As network radio moved to TV in the 1950s and 60s, KOY switched to a full service middle of the road format of popular music, news, talk and sports. Then as adult contemporary music listening switched to FM, KOY began playing adult standards. KOY had good ratings but because it played older music, its audience was also considered older than the demographic that most advertisers sought. Station owner AM/FM (now iHeartMedia) purchased the call letters, studio, and sports radio programming of KGME 1360, and moved it to 550 in April 1999. The KOY call letters and adult standards format was shifted to AM 1230, which had a smaller coverage area than AM 550.

As of August 19, 2013, KOY's format flipped to business and money programs, relying on syndicated shows from Bloomberg Radio and paid brokered programming.

Logo as "KFYI 2"

On August 5, 2014, KOY flipped from Business Talk to Conservative Talk. It branded itself as an extension of 550 KFYI, calling itself KFYI 2. Selected Bloomberg Radio programming was carried during early morning and weekend hours.[4] Other hours, it ran syndicated conservative talk hosts from co-owned Premiere Networks and other suppliers.

On September 14, 2017, KOY changed its format from conservative talk to Spanish-language Regional Mexican music, branded as "93.7 El Patrón." Programming began to be simulcast on FM translator K229DB 93.7 MHz.[5]

1230 kHz in Phoenix[edit]

1230 kHz, and its pre-NARBA predecessor 1200 kHz, has been occupied in Phoenix since 1940.

From sign-on in 1940 to March 1941, KPHO occupied 1200 kHz and was carried the dramas, comedies, news and sports of the NBC Blue Network, which later became ABC. Prior to KPHO's sign-on, both NBC Red and NBC Blue network programs aired on 620 KTAR. On March 28, 1941, KPHO and all other stations on 1200 moved to 1230, when the North American Regional Broadcasting Agreement (NARBA) took effect. On September 21, 1949,[6] KPHO moved to 910 kHz. 910 was later the home of KJJJ and KFYI, and is now KGME XTRA Sports 910.

In 1950, AM 1230 returned to the air under a new license as KRIZ, which became a successful Top 40 station beginning in the late 1950s. KRIZ was discontinued in 1978, replaced by Christian radio KFLR. KFLR moved to FM 90.3 in the 1980s. After that, 1230 was KAMJ, KISP, KYOT, and KISO prior to becoming KOY in 1999.[7] It had various formats: adult contemporary (simulcast on 101.5), talk radio, sports radio, urban adult contemporary and classic country.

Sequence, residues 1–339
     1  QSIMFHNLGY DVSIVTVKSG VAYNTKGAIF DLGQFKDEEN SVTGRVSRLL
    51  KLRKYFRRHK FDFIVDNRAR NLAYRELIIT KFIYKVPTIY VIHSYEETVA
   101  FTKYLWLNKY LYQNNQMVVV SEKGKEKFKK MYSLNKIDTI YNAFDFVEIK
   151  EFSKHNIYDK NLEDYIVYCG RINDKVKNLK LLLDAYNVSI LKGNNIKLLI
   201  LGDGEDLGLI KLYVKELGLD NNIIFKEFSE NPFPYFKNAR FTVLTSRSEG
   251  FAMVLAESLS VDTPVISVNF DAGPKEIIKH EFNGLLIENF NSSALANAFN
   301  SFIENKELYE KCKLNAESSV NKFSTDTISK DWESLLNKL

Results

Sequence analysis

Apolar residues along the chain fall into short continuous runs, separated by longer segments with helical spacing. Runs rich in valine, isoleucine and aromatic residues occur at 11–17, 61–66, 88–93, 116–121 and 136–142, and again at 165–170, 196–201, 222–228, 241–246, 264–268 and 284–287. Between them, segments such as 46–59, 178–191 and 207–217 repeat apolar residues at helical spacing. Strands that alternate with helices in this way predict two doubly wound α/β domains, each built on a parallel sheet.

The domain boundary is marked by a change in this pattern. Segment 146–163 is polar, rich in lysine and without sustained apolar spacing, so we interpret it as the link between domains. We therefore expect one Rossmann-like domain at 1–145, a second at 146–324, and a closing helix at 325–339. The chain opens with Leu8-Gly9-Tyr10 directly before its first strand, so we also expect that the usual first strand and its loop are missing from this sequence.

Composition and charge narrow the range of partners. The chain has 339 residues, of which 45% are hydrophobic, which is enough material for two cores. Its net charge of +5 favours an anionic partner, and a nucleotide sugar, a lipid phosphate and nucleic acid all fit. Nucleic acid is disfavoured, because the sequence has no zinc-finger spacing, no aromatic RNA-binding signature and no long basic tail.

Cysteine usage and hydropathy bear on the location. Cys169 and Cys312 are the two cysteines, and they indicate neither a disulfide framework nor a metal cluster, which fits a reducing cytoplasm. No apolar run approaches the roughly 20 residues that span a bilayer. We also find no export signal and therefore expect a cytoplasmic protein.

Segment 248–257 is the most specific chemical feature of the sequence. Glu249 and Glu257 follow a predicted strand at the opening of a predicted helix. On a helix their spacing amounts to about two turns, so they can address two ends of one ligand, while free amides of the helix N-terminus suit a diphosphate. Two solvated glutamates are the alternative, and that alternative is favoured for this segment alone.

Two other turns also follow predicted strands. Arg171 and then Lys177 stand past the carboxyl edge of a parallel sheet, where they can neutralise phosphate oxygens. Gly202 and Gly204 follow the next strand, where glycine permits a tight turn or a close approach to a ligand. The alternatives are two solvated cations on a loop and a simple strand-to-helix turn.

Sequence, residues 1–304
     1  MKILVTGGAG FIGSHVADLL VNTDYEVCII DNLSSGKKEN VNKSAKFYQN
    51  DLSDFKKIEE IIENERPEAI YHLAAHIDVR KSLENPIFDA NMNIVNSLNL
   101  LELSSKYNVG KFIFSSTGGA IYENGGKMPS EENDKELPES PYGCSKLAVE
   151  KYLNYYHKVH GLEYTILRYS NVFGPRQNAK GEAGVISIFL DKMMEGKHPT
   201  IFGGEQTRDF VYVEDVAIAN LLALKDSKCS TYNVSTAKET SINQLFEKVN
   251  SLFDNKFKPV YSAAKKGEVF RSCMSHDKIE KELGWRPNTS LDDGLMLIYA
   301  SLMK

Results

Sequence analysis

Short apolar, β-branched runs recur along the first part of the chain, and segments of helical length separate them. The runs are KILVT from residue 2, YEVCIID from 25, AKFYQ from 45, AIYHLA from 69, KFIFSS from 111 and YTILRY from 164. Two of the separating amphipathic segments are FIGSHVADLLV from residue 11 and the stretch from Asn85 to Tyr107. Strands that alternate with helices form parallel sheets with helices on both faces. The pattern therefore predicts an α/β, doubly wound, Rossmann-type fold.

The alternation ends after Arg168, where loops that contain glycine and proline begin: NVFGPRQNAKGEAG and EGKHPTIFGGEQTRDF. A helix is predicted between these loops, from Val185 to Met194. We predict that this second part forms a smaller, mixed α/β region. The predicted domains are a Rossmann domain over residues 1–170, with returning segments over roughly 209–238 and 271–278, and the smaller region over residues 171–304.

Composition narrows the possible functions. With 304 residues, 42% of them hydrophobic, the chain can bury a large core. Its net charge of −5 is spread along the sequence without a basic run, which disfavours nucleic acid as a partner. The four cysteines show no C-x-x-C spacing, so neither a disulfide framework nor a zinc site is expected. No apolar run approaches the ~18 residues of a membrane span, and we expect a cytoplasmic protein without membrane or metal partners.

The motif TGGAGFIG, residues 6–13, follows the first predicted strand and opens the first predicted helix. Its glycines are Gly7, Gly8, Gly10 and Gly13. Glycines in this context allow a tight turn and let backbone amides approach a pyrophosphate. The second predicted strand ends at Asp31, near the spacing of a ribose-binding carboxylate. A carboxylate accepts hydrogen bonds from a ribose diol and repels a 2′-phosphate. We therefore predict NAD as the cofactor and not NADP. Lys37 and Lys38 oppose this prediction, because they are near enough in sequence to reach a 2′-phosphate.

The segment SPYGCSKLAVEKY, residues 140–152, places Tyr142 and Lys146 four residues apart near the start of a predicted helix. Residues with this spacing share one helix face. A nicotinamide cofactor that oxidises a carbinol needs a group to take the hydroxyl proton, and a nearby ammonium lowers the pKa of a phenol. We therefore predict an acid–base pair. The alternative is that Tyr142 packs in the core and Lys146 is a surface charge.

While the station did carry the KYOT call sign, it never simulcast KYOT-FM. The call sign was parked on 1230 until Sundance finished acquiring what was then KOY-FM. The station did not change back to KISP after KYOT-FM launched despite its "Kiss" branding; when management decided to change it back, the KISP calls were not available so it settled for KISO. KAMJ was the original Phoenix home of Rush Limbaugh, before he moved to KFYI.

The 1200/1230 transmitter has been located at 2345 W. Buckeye Rd. in Phoenix since sign-on in 1940. Howard Loeb, KRIZ's original owner, bought the facilities from KPHO (which had built new towers upon moving to 910).[8] The KRIZ studios were also located there. In 1984, the KRIZ call letters were assigned to a radio station in Renton, Washington.

References[edit]

  1. ^ Radio-Locator.com/KOY
  2. ^ For KOY's history, see link [1] Archived 2008-09-28 at the Wayback Machine.
  3. ^ Federal Communications Commission. FCC History Card: KOY (550) (PDF) https://licensing.fcc.gov/cgi-bin/prod/cdbs/forms/prod/getimportletter_exh.cgi?import_letter_id=43860&.pdf. Retrieved 22 June 2017. Missing or empty |title= (help)
  4. ^ "KFYI2 Launches In Phoenix - RadioInsight". 5 August 2014.
  5. ^ El Patrón Arrives in Phoenix Radioinsight - September 14, 2017
  6. ^ "KPHO Ups Power Effective Today". Arizona Republic. September 21, 1949. Retrieved May 3, 2019.
  7. ^ "KOY Call Sign History". United States Federal Communications Commission, audio division.
  8. ^ "Sixth Phoenix Radio Station Gets FCC Okay". Arizona Republic. March 9, 1950. p. 28. Retrieved May 3, 2019.

External links[edit]